While some of those numbers are impressive, there are obvious flaws to address with each:
- 54,000 of the Croydon Guardian’s circulation is delivered free through letterboxes
- A radio ad might last for 10 or 20 seconds, what are the chances of a listener being tuned in and in a position to take action during one of your ads?
- The Yellow Pages is circulated free, how do we know how many of these are actually used, and how many end up in recycling bins or collecting dust on shelves?
- It is impossible to measure the success of each one unless you physically ask customers how they came across you
In addition, businesses will need to consider the costs of actually producing the advert, too.
After doing this, add a final row that details your services, mention how local SEO takes away the flaws and represents better all-round value increasing business potential. Once you have completed the grid, the only thing you ever need to do with it is update the figures every six months for relevancy.
Now you can start putting together your proposals so you can approach these businesses. Do not just ‘cold call’ them offering your services, as you will never make a partner that way.
Research Before Approach
Research your target businesses and discover whether they are involved in any existing online marketing efforts, even if they do not have a website but are listed on Google+ Local (aka Google Places), for example, it is a starting point. Build a picture of their existing online activities, if there are any, so you can show anyone you approach that you have already done the groundwork beforehand.
Create the Report
Now, put together a brief report or presentation based on what you know of their current activities. Present them based on your cost grid for your local area, tailor it to the business you are speaking to and what their current marketing activity is, and demonstrate what you can offer them in terms of local SEO services, and the benefits that can bring in terms of web traffic and conversions from the local area.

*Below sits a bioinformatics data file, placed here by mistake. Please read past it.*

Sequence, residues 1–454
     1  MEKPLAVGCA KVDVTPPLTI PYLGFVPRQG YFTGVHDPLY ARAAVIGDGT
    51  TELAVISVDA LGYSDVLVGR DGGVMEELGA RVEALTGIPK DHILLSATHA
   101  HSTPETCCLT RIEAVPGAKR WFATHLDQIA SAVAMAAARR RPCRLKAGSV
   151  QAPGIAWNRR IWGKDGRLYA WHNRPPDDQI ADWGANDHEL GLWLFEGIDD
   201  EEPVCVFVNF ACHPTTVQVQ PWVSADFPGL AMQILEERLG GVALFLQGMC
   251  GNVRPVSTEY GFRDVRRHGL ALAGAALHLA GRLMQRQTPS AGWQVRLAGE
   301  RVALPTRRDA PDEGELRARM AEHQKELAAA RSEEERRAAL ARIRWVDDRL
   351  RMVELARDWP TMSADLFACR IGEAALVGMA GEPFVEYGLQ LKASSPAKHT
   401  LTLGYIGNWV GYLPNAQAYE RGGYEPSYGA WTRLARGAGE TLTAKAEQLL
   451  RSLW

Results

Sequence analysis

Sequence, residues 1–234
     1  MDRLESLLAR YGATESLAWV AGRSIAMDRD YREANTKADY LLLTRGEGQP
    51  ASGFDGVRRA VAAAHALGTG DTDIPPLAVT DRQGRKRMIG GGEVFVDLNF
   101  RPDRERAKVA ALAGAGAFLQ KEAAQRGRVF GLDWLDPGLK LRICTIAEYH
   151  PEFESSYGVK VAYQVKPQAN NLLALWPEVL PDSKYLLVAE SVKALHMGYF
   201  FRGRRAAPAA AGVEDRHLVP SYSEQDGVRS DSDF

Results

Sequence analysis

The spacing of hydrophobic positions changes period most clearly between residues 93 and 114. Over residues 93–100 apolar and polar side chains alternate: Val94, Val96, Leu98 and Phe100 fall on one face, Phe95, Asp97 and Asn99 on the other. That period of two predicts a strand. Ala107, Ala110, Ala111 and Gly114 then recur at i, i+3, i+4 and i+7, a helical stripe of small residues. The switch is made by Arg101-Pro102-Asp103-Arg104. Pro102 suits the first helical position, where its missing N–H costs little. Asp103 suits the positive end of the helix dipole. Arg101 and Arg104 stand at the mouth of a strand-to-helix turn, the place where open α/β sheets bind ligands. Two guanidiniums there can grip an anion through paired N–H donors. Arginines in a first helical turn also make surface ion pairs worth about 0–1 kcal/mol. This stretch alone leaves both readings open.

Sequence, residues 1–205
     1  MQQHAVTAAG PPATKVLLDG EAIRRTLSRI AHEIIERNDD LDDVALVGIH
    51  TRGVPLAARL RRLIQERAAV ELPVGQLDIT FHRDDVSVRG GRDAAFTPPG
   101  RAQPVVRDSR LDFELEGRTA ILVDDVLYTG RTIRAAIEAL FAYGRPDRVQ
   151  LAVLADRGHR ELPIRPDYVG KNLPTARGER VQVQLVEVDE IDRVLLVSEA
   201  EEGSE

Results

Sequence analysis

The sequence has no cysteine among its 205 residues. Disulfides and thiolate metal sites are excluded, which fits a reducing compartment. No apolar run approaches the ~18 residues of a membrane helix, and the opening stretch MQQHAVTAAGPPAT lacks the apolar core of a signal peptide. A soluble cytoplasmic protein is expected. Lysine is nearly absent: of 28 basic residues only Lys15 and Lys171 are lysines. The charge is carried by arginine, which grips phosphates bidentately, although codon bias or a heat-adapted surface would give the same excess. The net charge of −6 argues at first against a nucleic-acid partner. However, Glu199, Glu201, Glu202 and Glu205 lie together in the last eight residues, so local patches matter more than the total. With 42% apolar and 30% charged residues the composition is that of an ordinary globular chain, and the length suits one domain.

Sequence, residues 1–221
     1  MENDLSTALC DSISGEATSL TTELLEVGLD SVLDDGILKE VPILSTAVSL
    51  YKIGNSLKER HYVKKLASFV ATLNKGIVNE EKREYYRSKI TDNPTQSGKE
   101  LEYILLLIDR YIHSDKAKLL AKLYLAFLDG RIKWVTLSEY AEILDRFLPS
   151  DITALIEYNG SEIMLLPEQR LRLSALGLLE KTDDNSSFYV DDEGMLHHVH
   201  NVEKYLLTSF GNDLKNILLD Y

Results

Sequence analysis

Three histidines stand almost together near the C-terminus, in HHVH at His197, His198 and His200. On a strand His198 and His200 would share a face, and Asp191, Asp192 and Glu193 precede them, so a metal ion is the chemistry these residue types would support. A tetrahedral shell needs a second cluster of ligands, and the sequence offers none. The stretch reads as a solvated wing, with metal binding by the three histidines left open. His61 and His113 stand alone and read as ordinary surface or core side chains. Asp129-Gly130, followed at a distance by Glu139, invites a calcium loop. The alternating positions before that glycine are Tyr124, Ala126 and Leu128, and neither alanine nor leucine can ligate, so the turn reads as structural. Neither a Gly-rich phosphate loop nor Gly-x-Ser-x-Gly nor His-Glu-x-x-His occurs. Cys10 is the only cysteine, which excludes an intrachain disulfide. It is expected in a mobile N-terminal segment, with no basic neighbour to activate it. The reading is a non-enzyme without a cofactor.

Remember that some of these numbers might be hypothetical and you may not be able to make comparisons; we know that traditional media is becoming less effective, but you might still find a business that attracts many customers and sees a good return on investment based on their weekly advert in the Croydon Guardian, for example.
Have the Conversation
Approach the businesses in question; visit them in person where possible, or at least make a telephone call to arrange a meeting. Explain what you have done, detailing that you saw or heard their advert, and were interested in what their online marketing activities are. Present your findings based on everything you already know, and as you engage them in conversation around their current marketing, it will soon become clear whether you will be able to do business.
Many small businesses may not have the finance to add local SEO to what is already likely a tight marketing budget, so ensure you present yourself as an alternative to the traditional methods, and all of the benefits and potential that come because of that.
Finding clients online and letting them come to you thanks to your own marketing efforts is a great way to grow your local SEO business. Finding clients offline and introducing them to the potential of online marketing is also a huge opportunity, and one that more local SEO companies should be looking to exploit.
*Sources: Audited Bureau of Circulations (Croydon Guardian)
Rajar (Heart Radio)
Croydon Observatory (Households in the Borough of Croydon)
Image source: adamweitner.com